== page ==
As always, I learn something important from your posts. And in this one I learned things about McNamara that I didn't know and that I'm glad to have learned. Thank you for a different perspective and a different look at the man. I always learn from you, Mort. And always appreciate it! And it's always good to see that you have posted!

Sylvia

Saturday, August 01, 2009 9:37:00 PM  
Blogger Vagabonde said...

You brought back many memories to me. The war in Indochina – I remember younger friends of my father coming back from the battle of Diên Biên Phu – I was 14 years old at the time and really did not understand all the ramifications. I had heard though that the French wanted to get out of Indochina since the early 50s but had to stay because the USA wanted them to. Then came the war in Vietnam and I was living in San Francisco. I remember marching against it on Market Street (I was against wars one reason being my father having been so badly hurt in WWII). But I never put 2 and 2 together or remembered what was said in France until I saw the movie “The Quiet American” I really cried at the movie when I realized that these wars could have been averted if France had not accepted to go on with the war in Indochina with US money and if the OSS had not sent their men to do their dirty work. After WWII De Gaulle at first wanted to keep the Indochina colony but then realized that it was better to give Indochina their independence. The US refused because they were afraid SE Asia would become communist so they financed (forced) France’s war (this was undercover, not well known). Later on when de Gaulle told the US not to start the war in Vietnam he was told off and relations cooled with France. (Just like when French President Chirac advised Bush not to start the Iraq war.) Such terrible loss of life. I did not like McNamara then but finally thought that he had a lot of courage to come out and say that he had been mistaken and was sorry. It takes a lot to admit to the world that you were wrong, not many men do it.

Saturday, August 01, 2009 9:56:00 PM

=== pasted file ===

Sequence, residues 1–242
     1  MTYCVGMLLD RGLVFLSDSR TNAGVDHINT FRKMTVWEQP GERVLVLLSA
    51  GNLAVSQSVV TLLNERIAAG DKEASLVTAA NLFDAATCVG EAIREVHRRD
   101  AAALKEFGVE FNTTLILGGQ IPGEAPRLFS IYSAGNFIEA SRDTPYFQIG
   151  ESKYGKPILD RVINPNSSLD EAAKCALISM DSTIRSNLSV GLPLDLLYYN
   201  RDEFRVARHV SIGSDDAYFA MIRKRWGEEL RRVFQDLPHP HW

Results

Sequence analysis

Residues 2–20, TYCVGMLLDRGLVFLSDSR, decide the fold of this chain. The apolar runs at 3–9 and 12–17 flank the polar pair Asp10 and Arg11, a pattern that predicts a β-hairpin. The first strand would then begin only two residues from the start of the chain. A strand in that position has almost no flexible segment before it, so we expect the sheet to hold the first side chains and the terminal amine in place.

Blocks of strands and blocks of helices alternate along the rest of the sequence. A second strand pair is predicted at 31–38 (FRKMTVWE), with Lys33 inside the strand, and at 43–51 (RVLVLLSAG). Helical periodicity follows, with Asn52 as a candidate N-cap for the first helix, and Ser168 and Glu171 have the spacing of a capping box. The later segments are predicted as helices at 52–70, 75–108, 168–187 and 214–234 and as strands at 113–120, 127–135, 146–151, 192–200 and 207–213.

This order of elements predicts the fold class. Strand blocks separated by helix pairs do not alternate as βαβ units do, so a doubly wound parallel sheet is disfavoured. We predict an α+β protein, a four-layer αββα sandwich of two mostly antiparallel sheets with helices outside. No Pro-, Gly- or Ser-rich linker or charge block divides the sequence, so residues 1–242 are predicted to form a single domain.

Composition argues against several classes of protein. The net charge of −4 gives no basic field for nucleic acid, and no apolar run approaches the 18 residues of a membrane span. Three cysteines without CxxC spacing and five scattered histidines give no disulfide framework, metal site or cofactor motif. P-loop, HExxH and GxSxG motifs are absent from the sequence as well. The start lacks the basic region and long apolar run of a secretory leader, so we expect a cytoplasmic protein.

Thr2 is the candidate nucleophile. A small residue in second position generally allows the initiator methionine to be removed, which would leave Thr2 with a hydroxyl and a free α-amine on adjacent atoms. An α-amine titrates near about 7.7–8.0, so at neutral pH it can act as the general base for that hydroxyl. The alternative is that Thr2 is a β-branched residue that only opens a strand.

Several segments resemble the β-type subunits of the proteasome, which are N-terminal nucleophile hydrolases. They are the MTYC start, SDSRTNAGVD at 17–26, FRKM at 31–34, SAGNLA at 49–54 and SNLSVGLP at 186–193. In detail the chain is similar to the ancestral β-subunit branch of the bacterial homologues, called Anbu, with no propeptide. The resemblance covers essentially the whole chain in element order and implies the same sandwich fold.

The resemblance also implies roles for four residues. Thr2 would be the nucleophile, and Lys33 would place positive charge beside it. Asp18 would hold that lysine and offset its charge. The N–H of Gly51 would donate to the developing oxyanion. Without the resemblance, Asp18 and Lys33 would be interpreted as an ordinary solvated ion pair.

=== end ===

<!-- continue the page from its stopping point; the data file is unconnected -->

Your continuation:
Blogger John said...

Thanks for the reminder, Mort. I agree with you that McNamara's very public mea culpa was an example for more to follow. I can think of a couple of contemporary candidates but have little hope that they will follow his model. Too long on hubris and to short on character.

Sunday, August 02, 2009 1:21:00 PM  
Blogger Darlene said...

It takes a big man to admit that he was wrong. That went a long way to redeem McNamara in my estimation.

I wonder if Bush Cheney, Rumsfeld, and others will ever admit they were wrong for their part in the Iraq war.

Sunday, August 02, 2009 2:56:00 PM  
Anonymous Anonymous said...

Document 7 : Kissinger and World Bank President Robert McNamara, 3 January 1973, 5:45 p.m.
Source: Nixon Presidential Materials Project, Henry A. Kissinger Telephone Conversations Transcripts, Chronological File, Box 17, 1973 2-6

Long before he was ready to acknowledge that he had been "terribly wrong" on Vietnam, Robert McNamara privately offered his support for Kissinger's Vietnam War endgame. Apparently a fan, McNamara told Kissinger that he was "the man who finally got us out of there." Not questioning the Christmas bombing, McNamara observed that "not everybody is as critical as some of those damn columnists." Both agreed that ending the U.S. fighting role in Vietnam required a "conscious ambiguity"; in other words, an unambiguous U.S. diplomatic victory was impossible (for example, the U.S. would have to accept the presence of North Vietnamese forces in the South). That McNamara referred to the war as "the damn thing" suggested a deeper level of discomfort that he would not discuss in public for many years. a Dutch farmer

Monday, August 03, 2009 12:29:00 PM  
Blogger Chancy said...

Standing at the Vietnam Memorial Wall in Washington, reading some of the more than fifty thousand names carved into that long, winding, cold and silent slab of black granite I wondered how many more senseless and tragic wars will our nation blunder and bluster into before we come to our senses.

"How many times must a man look up
Before he can see the sky?
Yes, 'n' how many ears must one man have
Before he can hear people cry?
Yes, 'n' how many deaths will it take till he knows
That too many people have died?
The answer, my friend, is blowin' in the wind,
The answer is blowin' in the wind."

Wednesday, August 05, 2009 9:31:00 PM  
Blogger joared said...

I am most appreciative of your account here re McNamara giving me a different perspective of him and his portion of responsibility for Vietnam.

So many years ago, but I still vividly recall the teletype machine bell ringing at our TV station with NBC's announcement of a special program re The Gulf of Tonkin event to be aired that night preempting programming. As I ripped off the program information announcement copies little did I realize the nightmare that would ensue. Now we know that whole Tonkin event was as phony as Bush's claims for attacking Iraq.

Tuesday, September 01, 2009 4:38:00 AM